Uncertainty hanging over Schools Challenge Cymru

Owen Hathway asks if Schools Challenge Cymru will get the time it needs to prove value for money.

Back in early 2014 the Welsh Government announced their flagship policy for school improvement.  Schools Challenge Cymru was set to be the Welsh version of the lauded London and Manchester Challenge initiatives which had seen some radical and inspiring results.

With an initial pledge of £20m for at least two years there was financial backing for the programme.  This proposal was introduced at the height of the policy fatigue in the Education sector we saw during the last Assembly term.  Thankfully the recruitment of some key personnel from previously successful challenge programmes, including the impressive communicator Professor Mel Ainscow, did help alleviate some fears.  A little over two years on inevitably people will ask the question “has Schools Challenge Cymru worked for us?”

It is essential with any project of this nature that we are continually reviewing its progress to ensure it is providing value for money.  When there is a large financial investment, especially considering education budgets are so tight at present, it is crucial that teachers in schools are seeing a tangible benefit for their pupils.

The evidence from the first independent review suggests that thus far progress is patchy.  Some had already voiced their uncertainty of the impact of SCC.  When data showed the 40 schools in the SCC programme were just 0.3% better than those not included, the then Plaid Cymru Education Spokesperson, Simon Thomas AM, said in October last year:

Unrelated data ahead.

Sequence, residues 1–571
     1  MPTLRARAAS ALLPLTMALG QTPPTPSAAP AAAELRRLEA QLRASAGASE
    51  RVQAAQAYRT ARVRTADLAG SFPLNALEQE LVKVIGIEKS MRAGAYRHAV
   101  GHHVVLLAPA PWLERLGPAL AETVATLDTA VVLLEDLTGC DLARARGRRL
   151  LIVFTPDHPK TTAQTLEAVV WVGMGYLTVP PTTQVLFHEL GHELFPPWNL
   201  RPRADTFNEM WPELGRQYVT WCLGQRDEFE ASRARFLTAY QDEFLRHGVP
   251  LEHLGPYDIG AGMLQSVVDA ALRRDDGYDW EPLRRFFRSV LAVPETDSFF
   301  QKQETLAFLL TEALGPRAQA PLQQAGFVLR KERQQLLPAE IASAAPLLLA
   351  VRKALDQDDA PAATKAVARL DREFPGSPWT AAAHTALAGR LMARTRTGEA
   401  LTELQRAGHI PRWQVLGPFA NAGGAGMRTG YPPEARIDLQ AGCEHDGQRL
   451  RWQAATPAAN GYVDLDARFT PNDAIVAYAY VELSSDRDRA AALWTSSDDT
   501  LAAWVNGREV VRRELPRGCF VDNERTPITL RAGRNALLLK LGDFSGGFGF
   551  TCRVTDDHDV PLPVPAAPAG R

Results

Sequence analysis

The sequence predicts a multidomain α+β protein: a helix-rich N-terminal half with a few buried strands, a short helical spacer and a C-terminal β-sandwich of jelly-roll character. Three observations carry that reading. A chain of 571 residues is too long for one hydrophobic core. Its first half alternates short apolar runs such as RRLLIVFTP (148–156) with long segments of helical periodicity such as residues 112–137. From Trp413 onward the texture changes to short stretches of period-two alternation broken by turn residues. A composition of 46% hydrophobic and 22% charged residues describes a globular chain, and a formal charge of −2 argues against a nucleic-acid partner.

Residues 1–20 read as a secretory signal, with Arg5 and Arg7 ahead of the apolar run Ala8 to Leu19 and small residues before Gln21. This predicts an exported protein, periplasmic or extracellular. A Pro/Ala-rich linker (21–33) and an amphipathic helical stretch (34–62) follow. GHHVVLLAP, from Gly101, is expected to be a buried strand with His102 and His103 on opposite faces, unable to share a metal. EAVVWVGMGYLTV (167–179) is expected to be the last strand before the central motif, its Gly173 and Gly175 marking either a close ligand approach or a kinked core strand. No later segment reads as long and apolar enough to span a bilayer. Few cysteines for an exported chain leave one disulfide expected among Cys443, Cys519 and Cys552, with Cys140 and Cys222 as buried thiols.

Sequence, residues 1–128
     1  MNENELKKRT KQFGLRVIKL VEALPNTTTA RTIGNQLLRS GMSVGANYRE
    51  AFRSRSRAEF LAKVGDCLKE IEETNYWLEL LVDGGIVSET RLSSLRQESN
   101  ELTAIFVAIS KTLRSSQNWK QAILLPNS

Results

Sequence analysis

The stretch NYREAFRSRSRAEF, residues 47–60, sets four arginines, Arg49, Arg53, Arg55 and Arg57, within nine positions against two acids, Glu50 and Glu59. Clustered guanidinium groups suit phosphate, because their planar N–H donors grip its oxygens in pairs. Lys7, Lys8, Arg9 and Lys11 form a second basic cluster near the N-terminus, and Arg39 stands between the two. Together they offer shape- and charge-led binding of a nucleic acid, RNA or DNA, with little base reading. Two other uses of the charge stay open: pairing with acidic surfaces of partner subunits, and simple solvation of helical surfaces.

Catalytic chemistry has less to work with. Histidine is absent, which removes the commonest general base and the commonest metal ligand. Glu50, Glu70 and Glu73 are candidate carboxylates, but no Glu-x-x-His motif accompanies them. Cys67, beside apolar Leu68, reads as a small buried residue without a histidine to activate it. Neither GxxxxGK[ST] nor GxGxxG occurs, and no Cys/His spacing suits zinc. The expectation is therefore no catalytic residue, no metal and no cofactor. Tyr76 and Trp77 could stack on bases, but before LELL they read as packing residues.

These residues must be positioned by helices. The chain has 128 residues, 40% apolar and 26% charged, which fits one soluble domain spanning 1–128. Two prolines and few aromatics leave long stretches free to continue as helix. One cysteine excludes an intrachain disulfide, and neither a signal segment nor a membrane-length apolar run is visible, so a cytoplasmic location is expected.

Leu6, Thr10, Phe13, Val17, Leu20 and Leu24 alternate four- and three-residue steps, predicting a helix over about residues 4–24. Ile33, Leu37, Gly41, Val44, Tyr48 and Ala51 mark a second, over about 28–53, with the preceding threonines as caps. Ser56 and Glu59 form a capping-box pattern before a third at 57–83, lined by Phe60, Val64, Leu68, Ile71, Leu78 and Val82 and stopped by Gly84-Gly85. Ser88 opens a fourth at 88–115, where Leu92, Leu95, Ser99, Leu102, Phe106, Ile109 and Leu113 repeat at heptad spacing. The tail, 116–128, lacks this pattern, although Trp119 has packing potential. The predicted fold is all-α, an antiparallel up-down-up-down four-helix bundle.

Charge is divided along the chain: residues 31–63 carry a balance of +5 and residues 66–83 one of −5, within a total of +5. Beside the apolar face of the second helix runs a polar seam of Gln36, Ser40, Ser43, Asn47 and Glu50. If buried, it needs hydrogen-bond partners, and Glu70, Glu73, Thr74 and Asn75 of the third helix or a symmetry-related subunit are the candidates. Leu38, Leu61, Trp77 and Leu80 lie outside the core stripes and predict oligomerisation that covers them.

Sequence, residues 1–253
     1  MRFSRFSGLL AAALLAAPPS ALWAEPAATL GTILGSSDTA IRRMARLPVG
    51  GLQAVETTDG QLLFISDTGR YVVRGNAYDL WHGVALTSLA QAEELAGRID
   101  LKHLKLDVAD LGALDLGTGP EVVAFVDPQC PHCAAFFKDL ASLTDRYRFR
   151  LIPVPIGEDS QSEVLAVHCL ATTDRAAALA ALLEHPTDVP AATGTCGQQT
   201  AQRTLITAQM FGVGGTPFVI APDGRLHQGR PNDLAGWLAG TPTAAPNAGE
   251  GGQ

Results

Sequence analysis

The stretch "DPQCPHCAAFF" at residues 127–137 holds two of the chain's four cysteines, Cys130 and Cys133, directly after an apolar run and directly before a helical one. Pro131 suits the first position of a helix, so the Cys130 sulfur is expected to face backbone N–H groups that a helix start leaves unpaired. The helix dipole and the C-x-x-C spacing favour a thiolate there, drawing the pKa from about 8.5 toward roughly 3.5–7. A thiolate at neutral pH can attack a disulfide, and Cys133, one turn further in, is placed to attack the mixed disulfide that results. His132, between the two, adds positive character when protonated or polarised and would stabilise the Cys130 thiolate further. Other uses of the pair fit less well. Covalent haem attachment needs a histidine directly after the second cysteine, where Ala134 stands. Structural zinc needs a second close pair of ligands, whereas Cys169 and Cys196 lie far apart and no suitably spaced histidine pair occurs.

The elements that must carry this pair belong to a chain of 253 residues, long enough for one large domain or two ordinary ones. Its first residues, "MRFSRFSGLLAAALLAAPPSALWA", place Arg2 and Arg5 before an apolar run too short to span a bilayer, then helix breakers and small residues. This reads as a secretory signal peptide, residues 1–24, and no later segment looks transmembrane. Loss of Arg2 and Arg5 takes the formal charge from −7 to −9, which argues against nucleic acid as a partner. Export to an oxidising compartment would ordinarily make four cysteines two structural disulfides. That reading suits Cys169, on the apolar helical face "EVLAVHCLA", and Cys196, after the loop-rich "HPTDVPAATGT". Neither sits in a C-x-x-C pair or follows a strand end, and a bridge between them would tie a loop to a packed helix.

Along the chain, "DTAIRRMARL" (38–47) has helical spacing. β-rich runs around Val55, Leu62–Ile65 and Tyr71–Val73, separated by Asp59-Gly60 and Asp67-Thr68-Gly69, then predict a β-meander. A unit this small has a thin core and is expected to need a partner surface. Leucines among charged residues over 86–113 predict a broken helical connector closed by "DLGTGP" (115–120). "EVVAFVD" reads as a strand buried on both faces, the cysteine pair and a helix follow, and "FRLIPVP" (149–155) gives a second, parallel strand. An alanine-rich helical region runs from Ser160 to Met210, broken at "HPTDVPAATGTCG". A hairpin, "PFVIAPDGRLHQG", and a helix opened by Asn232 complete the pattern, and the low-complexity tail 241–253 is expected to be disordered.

“The Labour government’s flagship SCC programme was intended to deliver swift, sustainable improvement to schools that face challenges – but it hasn’t delivered the results.”

However, putting those results into context the aforementioned Professor Ainscow, writing for this very website, stated that:

“Overall, the picture for the Pathways to Success schools is beyond my expectations.  Indeed, neither the London nor Manchester Challenges made the same progress after just one year.”

So what does the review tell us? Perhaps most worrying is that “interviewees, in just over a quarter of the visited PtS schools, indicated that they felt that, following inclusion in SCC, they had seen an improvement in the quality of teaching and learning.” (Page 87)  By extension therefore there are a significant number of schools who are not seeing that same level of improvement.  Conversely however, “The majority of interviewees in 32 of the 38 PtS schools we visited indicated that they felt that participation in SCC had had a positive impact on their school.” (Page 92)

For me one of the key lines of the report is that:

“In most cases, interviewees welcomed the opportunity afforded to PtS schools by their inclusion in SCC and the availability of additional support to help clusters overcome their barriers to improvement. That said, in most cases, interviewees reflected that work undertaken to date was not dissimilar to that which had been undertaken prior to the launch of SCC.” (Page 5)

This is perhaps the crux of the concern.  Teachers are open to sharing views and building towards the promise land of a self-improving education system.  While I recall initial hesitation from some practitioners at the potential stigma of being included in the 40 SCC schools, they were also open to embracing support and cooperation.  Sadly, as with many past Welsh Government initiatives, implementation hasn’t always matched the ambition.  Where it has worked, it has worked well.  Where it hasn’t there is a need to examine why and to improve on the offer being made to schools.